Most filter designs in synths also add an emphasis control. This, as it names states, boosts the cutoff point frequency, making this frequency highly audible and resonant. This is why in many synthesiser, this is labeled as resonance. In some other designs, it’s labeled as peak. Anyway, Emphasis (as in most Moog synthesisers) or Resonance (as in most Roland synths), or Peak (as in most Korg synths), they all mean the same, an extra boost right on the cutoff frequency.
So, lets say that we are dealing with a low pass filter with the cutoff point set at 8khz, we know for sure that all frequencies above 8khz will be rolled off until they disappear. Lets say we will add resonance (or peak, or emphasis), this will boost the 8khz frequency (and some of the near frequencies, too).
In most analog synths, the boost produced by the resonance can even produce a sine wave, transforming the filter in an oscillator. This is called self oscillation, and it’s quite beautiful when used in a musical way, in fact, as we will see later on, you can totally play melodies with a self oscillating filter.
Besides having different filter types, there are also different slopes, some low pass filters will roll off frequencies above the cutoff point for 6 dB per octave, some others for 12 dB per octave, some for 18 dB and some for 24 dB per octave. The most used slopes are 24 dB and 12 dB per octave. This are also called 4-pole filter (24 dB/oct) and 2-pole filter (12 dB/oct).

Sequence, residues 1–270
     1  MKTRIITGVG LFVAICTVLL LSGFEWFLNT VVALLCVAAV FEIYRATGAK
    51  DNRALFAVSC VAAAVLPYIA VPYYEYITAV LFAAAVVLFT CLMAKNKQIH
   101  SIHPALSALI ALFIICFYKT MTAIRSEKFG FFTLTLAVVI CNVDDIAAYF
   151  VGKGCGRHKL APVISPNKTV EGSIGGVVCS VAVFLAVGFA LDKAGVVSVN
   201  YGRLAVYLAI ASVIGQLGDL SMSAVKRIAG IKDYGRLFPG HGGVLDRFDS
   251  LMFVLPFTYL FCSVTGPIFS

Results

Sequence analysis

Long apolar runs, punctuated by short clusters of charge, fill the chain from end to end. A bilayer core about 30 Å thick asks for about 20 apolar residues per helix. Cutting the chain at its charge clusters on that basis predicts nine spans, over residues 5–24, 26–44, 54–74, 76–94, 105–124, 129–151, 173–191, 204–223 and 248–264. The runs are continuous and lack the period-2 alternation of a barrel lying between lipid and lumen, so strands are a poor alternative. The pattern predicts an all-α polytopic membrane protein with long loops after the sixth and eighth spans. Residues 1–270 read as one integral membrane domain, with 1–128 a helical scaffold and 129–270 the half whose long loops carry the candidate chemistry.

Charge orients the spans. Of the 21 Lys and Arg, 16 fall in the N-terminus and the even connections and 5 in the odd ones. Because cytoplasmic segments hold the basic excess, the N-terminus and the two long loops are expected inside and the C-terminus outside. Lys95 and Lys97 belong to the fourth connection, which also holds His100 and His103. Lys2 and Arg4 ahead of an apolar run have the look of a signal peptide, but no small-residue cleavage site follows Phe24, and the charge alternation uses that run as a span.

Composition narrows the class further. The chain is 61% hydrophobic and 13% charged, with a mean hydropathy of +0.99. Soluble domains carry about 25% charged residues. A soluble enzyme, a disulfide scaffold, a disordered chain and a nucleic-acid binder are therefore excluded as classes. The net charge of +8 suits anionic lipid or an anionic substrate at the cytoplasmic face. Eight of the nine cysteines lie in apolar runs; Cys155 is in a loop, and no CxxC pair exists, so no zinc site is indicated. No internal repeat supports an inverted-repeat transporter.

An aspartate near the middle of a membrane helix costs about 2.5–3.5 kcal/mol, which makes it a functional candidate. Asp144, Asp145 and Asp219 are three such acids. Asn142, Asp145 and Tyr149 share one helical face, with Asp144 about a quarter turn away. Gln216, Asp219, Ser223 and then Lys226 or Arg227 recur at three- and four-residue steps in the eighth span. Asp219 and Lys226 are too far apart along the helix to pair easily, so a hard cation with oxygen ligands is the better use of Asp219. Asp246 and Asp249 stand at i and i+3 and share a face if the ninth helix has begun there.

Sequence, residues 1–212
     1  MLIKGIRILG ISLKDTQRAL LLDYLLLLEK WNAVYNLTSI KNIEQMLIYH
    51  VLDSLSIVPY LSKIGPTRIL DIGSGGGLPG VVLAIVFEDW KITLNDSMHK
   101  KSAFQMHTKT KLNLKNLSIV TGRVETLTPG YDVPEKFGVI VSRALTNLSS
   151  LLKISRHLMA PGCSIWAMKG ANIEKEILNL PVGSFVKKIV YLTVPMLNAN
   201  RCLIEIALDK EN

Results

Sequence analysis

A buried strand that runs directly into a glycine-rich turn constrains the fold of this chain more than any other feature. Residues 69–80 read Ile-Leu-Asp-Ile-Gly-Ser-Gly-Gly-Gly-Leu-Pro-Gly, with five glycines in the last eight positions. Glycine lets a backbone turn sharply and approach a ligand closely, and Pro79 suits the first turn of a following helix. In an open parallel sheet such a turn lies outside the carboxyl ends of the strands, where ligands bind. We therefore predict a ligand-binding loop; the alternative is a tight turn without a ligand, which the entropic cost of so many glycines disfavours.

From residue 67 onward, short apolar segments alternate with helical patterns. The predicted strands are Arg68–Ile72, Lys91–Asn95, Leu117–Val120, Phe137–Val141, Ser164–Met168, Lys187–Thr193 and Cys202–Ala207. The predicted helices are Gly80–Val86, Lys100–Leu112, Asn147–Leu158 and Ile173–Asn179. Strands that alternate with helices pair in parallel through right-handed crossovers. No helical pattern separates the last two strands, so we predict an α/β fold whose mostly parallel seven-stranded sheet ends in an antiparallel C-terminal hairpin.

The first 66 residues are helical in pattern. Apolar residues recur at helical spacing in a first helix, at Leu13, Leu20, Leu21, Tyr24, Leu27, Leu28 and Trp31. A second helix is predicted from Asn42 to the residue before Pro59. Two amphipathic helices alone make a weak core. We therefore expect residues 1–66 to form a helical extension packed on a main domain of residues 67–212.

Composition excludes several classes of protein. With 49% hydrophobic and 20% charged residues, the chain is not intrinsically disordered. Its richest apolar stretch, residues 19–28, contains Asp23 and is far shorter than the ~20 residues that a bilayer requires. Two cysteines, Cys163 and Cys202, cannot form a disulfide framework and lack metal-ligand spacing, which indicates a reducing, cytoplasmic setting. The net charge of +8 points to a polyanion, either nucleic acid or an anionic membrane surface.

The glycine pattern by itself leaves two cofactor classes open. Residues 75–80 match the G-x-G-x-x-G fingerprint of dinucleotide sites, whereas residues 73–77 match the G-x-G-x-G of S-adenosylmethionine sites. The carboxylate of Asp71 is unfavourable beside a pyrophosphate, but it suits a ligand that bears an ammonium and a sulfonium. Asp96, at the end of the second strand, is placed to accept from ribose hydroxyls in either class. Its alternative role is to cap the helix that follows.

Almost every synth has a low pass filter. Some others also add a second filter, mostly a high pass filter. Some other synths uses what is called a multimode filter, having at least low pass, high pass and bandpass filter modes that are defined by the user. Every analog filter design has its own tonal qualities, and every major synth is recognisable for its filter. Think about a Roland Tb-303… well, it’s hard not to recognise its sound, and that is not because of the oscillator; the oscillator in the 303 can only produce standard sawtooth or pulse waves, something that pretty much any synth can do, but its filter design is unique, specially when you crank up the resonance. In the case of the 303, it’s a 3 pole 18 dB per octave low pass filter. Now, think of the Minimoog… that absolutely fat sound is hard to confuse with the sound from the 303, and that’s because of the filter; the famous Moog filter is a 4-pole 24 dB per octave ladder low pass filter, and it’s quite unique and musical. Another example of this, is the Oberheim filter, they sound brighter, more polite, more gentle than the Moog, some people say their sound is creamier… Well, they use a 2-pole 12 dB per octave filter. And then you’ve got the classic Yamaha CS-80… think of all those sounds from Vangelis, well, the Yamaha CS-80 used 2 different filters in cascade, a 2-pole 12 dB per octave low pass and, then another 2-pole 12 dB per octave High pass filter; none of them was able of self-oscillation, so, even though you crank up the resonance, filters would not produce sound on their own.